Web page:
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U.S. EPA Hears from All Sides on GHG Midterm Rules



Charles Cyrill

Rhett Ricart, Regulatory Affairs Committee chairman for the National Automobile Dealers Association and president and CEO of Ricart Automotive Group in Groveport, Ohio, [said] that fuel-efficient cars may sit on U.S. showrooms if the stringent rules for gas mileage are left in place without any mid-course corrections, The Detroit News reported.

According to The Detroit News, environmentalists and consumer advocates pleaded Wednesday with officials from President Donald Trump’s administration to not roll back stringent fuel economy rules for cars enacted by former President Barack Obama. Automakers, meanwhile, pressed for relief from the standards that are estimated by some to add at least $2,000 to the sticker price of a vehicle.

Ricart added: “Government policies mandating vehicles that fail to meet the needs, desires, or financial constraints of customers will force them to opt for driving what they have or buying used. And if that happens, we all lose.”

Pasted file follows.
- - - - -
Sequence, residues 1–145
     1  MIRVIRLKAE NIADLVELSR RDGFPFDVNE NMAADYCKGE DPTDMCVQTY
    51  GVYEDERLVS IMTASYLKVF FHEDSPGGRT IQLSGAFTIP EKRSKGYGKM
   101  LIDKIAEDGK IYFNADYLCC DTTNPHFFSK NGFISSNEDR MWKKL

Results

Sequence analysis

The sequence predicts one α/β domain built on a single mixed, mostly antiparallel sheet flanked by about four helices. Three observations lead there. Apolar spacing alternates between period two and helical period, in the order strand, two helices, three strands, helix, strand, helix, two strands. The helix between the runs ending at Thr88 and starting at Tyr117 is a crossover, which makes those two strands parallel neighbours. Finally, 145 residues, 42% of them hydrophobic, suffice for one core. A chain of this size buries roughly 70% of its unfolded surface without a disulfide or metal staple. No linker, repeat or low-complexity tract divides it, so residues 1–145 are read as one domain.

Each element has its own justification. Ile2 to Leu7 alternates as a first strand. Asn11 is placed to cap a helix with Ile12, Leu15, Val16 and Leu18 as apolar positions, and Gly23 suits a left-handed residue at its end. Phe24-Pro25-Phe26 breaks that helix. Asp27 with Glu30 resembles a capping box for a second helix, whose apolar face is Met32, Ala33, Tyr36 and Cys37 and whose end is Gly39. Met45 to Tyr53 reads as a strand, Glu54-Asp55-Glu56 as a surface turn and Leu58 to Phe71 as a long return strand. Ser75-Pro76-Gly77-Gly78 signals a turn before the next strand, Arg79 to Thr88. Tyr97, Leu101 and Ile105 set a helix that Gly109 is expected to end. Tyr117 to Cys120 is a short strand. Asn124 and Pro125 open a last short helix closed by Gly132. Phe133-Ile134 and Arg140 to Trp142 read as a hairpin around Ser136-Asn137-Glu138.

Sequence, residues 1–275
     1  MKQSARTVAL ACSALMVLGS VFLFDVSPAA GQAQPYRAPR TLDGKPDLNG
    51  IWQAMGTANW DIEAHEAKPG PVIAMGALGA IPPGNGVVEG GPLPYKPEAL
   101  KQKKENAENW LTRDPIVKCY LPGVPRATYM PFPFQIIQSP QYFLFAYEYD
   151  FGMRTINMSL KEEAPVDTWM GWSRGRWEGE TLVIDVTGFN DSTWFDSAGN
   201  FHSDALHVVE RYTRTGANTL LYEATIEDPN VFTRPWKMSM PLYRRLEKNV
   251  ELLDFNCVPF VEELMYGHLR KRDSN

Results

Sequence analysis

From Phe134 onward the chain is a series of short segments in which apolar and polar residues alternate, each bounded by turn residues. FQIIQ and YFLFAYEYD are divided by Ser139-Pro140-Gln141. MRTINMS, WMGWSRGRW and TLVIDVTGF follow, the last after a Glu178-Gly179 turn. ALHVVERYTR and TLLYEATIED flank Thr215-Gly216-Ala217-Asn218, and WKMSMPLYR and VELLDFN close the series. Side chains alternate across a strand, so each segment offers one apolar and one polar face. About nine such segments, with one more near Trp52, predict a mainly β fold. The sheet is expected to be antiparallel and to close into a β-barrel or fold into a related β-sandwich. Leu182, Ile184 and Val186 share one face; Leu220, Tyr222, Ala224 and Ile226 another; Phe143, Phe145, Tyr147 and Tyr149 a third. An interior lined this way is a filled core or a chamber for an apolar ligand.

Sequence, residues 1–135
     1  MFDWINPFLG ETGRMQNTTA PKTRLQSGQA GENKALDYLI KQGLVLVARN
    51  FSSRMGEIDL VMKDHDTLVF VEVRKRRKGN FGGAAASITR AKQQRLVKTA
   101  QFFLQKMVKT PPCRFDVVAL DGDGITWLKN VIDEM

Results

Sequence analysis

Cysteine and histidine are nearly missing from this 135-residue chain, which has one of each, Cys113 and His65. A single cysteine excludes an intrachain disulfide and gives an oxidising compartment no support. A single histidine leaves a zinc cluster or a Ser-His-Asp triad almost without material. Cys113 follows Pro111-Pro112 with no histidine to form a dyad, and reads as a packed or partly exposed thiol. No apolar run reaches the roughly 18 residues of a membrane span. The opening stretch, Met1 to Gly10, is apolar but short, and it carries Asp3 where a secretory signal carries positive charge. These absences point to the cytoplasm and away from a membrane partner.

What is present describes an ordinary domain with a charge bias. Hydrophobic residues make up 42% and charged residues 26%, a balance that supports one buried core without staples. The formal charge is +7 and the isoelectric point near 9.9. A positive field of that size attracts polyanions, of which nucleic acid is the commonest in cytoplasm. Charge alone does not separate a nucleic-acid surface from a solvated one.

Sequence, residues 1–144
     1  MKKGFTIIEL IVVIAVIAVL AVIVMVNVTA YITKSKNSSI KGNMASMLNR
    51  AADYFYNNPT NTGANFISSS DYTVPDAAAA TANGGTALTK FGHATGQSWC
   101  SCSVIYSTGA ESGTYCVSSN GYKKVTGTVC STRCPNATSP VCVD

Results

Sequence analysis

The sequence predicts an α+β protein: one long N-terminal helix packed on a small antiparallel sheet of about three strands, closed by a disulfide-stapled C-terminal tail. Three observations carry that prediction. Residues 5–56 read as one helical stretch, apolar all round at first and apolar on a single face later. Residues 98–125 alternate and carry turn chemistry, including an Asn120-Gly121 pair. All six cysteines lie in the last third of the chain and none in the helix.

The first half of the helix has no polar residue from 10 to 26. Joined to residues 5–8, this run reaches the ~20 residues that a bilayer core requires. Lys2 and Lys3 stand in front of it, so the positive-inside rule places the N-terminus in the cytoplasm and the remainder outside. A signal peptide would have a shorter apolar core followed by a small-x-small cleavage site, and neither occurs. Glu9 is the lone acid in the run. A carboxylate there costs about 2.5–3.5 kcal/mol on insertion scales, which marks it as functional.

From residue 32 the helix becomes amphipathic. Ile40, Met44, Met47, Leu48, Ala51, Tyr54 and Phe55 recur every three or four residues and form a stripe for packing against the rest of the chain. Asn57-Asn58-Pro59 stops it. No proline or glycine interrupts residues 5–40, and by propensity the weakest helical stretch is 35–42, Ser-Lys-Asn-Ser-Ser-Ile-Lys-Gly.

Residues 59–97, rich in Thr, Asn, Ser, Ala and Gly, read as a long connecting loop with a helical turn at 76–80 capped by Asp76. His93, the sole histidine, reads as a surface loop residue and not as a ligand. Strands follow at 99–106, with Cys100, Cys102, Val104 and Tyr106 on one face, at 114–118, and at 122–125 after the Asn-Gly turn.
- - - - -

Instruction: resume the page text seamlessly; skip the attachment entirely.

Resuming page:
Editor’s Note: Ricart’s testimony came during a hearing on whether the EPA should reopen its review of the MY 2022-2025 greenhouse gas rules that the agency adopted in 2012. He underscored that “the midterm evaluation must fully consider the realities of the showroom by recognizing the critical importance of customer acceptance, of enhancing – not retarding – fleet turnover, and of an industry that is critical to our economy.” If the midterm evaluation is reopened, a new final determination on the MY 2022-2025 standards will be made by April 1, 2018. NADA intends to file written comments by the Oct. 5, 2017 deadline on the reopening issue and on whether standards for MY 2021 light-duty vehicles need to be changed. Ricart also discussed the importance of having one national fuel economy program and of EPA coordinating closely with the National Highway Traffic Safety Administration. Click here for NADA’s testimony.

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